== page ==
A lockin amplifier has a certain bandwidth for the input signal, that can be relatively large, like up to 100 kHz. That would be the maximum carrier frequency.
The other point is the bandwidth after the mixer / demodulator and output fitler. Here the bandwidth is usually relatively low (like 1 Hz  or 10 Hz) and thus low bandwidth is what allows for low noise.
With a digital implementation the filtering often is a FIR type / sliding average and not necessary a classic 1st / 2nd order low pass.

The ADC inside the STM32 is only 12 bit. This can be OK for some signals, but could be limiting with more demanding cases. To at least use most of the resolution one would than want fine (like 1:2) steps for the gain, and not just decades. It can would for a demonstartion / proof of principle, but would not be a really good instrument. AFAIR the early digital lock in amplifiers used 16 and 18 bit ADCs.

So far the example use as a mohm meter is using a carrier frequency that is generated from the same circuit. This is a common and easy case. A general lock-in would also allow an external signal (e.g. from a mechanical chopper). If one wants a mechanical chopper, one could still consider starting with the electronic clock and have a PLL type speed regulator for the motor.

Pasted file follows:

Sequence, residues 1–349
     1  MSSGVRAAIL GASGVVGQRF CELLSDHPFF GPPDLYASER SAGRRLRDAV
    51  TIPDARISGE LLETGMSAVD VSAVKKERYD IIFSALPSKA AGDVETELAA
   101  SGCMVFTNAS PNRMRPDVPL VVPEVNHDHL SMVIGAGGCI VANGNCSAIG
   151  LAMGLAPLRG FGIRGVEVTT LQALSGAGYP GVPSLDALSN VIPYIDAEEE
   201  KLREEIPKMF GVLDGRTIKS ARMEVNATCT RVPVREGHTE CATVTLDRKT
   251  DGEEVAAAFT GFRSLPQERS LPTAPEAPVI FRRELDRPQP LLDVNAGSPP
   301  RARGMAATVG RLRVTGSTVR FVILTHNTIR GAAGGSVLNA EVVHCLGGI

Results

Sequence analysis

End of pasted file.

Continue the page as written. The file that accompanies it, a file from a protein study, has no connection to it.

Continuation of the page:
Online gf

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Re: Homebrew Lock-In Amplifier
« Reply #148 on: May 13, 2024, 12:45:49 pm »
For the 3rd use case mentioned here
https://www.eevblog.com/forum/projects/homebrew-lock-in-amplifier/msg5475103/#msg5475103
it rather looks like the bandwidth after demodulation is expected to cover audio (i.e. at least 4 kHz, better 10+ kHz).
This rules out a narrow 1-10 Hz filter.

EDIT: And I wonder which kind of modulation the vibrations of the glass apply to to the excitation signal. Really AM? Isn't rather time of flight modulated, resulting in FM (Doppler effect)?
« Last Edit: May 13, 2024, 12:58:17 pm by gf »
 

Offline PicuinoTopic starter

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Re: Homebrew Lock-In Amplifier
« Reply #149 on: May 13, 2024, 12:59:44 pm »
Making a Lock-in Amplifier similar to those currently on the market is beyond my intentions.
It would be very difficult and expensive, more so than buying a second hand LIA.
As the STM32 has 2 ADCs, one of them can be used to sample the reference signal and the other ADC to sample the input signal.